as to throw all the burthen of the While Mr Gladstone is thus try State on realised property-if, as ing to connect his own name with farmers, they approve of the maltmeasures which he took no part in tax, and are willing as manufacturers passing, and to associate his policy and mechanicians to put themselves with that which he resisted till under the control of trades' unions, pressure from without, and the then let them be imposed upon by this cuckoo cry, and send to Parlia- navy cost us enormous sums, withment the individuals who raise it. out anything to show that they are But if none of these prospects please worth the outlay. Notoriously we them—if they wish to keep the have neither cannon for our batChurch in union with the State the teries and ships of war, nor firearms representation of the country with in the hands of our troops, capable men who have a stake in it—to widen of contending on equal terms with without lowering the franchise — those of other nations. And all to maintain tranquillity at home this because, as Mr Raikes justly and honourable peace abroad-then stated," there has been an Adminislet them ascertain exactly what tration, but no Government, for the each candidate means before they last six years in the country.” We vote for him, and vote for those alone cannot go on thus much longer who tell them plainly that such without suffering disasters at home shall be their objects in the House and abroad, the very thought of the of Commons. For look to what the possible occurrence of which may restless spirit of the age, and the well fill us with dismay. To vote at want of an efficient Government, the coming elections, therefore, for is bringing us. Austria will enter Lord Palmerston's candidate, is to into no commercial treaty with us. vote for a delusion. There is no such France is outstripping us in those thing in existence; there cannot be. very fabrics in which, but a few Lord Palmerston is, to all intents years ago, we beat the whole world. and purposes, off the stage. And And not France only, but Belgium the choice submitted to the constilikewise, bids fair to become hence- tuencies, therefore, is between Lord forth the source whence we shall Derby on the one hand, and Mr derive our steam machinery, as we Gladstone on the other. For, corare now getting it from our friends dially as they dislike, and entirely across the Channel. Meanwhile we as they distrust him, the Whigs can are eating dirt, day after day, in scarcely hope to keep Mr Gladstone order to propitiate, if we can, the down many weeks after a Liberal wrath of the Americans, and look- majority shall array itself at his ing back with vain regret on op- back in the new House of Comportunities presented and thrown mons; and woe to the nation when away of delivering ourselves and to him its destinies shall be comour children after us, from all ground mitted with such a Cabinet as he is of apprehension in that quarter. morally pledged, and, we honestly The war in New Zealand drags its believe, heartily disposed to gather dull length along. The army and round him !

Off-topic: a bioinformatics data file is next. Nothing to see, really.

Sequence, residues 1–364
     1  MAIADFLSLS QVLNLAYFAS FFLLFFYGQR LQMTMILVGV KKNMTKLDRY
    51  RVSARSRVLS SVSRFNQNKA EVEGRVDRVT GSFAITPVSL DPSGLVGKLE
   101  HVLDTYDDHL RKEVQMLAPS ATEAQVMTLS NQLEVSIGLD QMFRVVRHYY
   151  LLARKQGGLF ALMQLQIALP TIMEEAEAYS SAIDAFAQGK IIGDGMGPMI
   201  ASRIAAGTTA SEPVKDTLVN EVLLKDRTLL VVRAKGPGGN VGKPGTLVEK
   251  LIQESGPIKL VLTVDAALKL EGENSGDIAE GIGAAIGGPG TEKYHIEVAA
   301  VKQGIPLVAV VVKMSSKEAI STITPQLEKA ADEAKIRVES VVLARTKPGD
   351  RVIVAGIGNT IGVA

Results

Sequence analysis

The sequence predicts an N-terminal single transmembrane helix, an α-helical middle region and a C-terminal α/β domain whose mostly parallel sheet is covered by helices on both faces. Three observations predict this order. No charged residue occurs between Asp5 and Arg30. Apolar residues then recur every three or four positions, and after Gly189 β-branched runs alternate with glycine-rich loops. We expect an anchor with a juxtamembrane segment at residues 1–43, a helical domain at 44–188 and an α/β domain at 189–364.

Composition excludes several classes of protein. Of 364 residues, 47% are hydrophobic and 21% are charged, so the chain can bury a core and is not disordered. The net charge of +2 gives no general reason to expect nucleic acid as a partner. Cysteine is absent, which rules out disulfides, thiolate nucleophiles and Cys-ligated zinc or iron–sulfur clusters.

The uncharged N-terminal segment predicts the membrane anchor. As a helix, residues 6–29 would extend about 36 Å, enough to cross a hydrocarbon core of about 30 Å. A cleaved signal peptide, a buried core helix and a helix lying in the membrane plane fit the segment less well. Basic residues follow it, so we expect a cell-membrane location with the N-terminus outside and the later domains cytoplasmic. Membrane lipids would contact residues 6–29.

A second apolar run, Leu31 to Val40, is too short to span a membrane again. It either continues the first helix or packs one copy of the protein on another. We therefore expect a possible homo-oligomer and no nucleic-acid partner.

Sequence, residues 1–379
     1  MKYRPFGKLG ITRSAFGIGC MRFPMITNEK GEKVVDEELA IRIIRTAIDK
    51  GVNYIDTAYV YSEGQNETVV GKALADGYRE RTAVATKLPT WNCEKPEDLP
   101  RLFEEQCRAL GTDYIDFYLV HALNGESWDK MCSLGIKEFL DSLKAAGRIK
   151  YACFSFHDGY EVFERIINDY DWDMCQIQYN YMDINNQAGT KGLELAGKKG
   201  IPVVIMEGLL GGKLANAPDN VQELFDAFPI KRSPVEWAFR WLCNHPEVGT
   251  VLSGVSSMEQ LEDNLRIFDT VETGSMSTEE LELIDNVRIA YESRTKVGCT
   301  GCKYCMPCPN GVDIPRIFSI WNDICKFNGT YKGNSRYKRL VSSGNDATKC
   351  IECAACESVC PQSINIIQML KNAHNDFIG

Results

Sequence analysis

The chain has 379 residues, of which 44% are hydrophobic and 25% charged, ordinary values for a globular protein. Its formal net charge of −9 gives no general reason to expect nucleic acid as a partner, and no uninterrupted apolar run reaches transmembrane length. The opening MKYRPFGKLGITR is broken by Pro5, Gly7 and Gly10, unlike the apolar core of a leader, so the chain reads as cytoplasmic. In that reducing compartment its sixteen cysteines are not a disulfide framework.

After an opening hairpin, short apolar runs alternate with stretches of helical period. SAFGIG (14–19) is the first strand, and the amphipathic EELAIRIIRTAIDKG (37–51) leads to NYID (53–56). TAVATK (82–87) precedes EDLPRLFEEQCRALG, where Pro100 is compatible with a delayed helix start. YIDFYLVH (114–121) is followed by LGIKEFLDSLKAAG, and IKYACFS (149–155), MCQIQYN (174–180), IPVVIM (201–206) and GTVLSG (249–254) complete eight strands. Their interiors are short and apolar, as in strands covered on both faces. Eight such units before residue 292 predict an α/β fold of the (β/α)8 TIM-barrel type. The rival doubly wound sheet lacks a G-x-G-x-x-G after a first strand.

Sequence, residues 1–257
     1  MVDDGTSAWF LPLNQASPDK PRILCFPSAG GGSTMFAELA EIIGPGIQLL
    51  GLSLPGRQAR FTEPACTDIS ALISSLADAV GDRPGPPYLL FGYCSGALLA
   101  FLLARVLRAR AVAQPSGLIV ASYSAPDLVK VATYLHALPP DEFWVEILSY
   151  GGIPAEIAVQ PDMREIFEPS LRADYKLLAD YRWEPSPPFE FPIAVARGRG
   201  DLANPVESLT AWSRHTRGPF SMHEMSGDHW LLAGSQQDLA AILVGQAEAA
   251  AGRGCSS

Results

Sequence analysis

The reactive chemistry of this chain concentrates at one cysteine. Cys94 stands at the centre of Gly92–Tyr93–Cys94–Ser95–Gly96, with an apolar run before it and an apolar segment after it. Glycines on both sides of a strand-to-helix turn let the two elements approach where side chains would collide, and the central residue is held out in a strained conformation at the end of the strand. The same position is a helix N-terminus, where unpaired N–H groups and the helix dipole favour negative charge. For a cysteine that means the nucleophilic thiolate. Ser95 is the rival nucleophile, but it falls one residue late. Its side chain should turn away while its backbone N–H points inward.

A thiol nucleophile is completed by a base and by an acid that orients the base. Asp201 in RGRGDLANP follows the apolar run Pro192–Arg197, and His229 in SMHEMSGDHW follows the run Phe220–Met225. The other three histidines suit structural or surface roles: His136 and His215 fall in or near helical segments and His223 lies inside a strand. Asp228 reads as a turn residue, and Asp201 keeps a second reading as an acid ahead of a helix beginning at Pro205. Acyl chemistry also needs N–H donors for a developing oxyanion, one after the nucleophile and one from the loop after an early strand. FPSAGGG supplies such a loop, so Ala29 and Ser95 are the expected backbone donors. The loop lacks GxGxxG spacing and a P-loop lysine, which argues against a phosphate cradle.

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It may seem a hardship, but, not acrid. The horse you had lent him, improbably, it is in its way an alle- and whose performance he had enviation, that we are never involved comiumised, if put up to auction, in any of the great trials in life, would be found spavined, or windwithout having to deal with cer- galled, or broken down. Such a tain material embarrassments, ques. stern test is money, so fearfully tions of vulgar interest which con- does its coarse jingle jar upon all cern our pockets and affect our the music of flattery, and make disfinances.

cord of all compliment. To such Poor Lendrick's was a case in point. a pitch is the process carried, that He was about to leave his country even pretty women, who as wives

to tear himself from a home he were objects of admiration to dehad embellished-to separate from spairing and disappointed adorers, his children that he loved so dearly, have become, by widowhood, very to face a new life in a new land, ordinary creatures, simply because friendless and alone; and with they are once more “in the marall these cares on his heart, he had ket.” creditors to satisfy, debts to insure It is well for us that Heaven itpayment of by security, and, not self was not in the Price current, least of his troubles, his house to or we might have begun to think re-let. Now the value the world lightly of it. At all events we'd sets on that which is not for sale have higgled about the cost, and is very unlike its estimate for the tried to get there as cheaply as same commodity when brought might be. to market. The light claret your From the day that the Swan's friend pronounced a very pleasant Nest appeared in the Dublin papers little wine at your own table, he “to be let furnished, for the three would discover, when offered for years of an unexpired term," Lenpurchase, to be poor, washy, and drick was besieged by letters and

VOL. XCVIII.-NO. DXCVIII.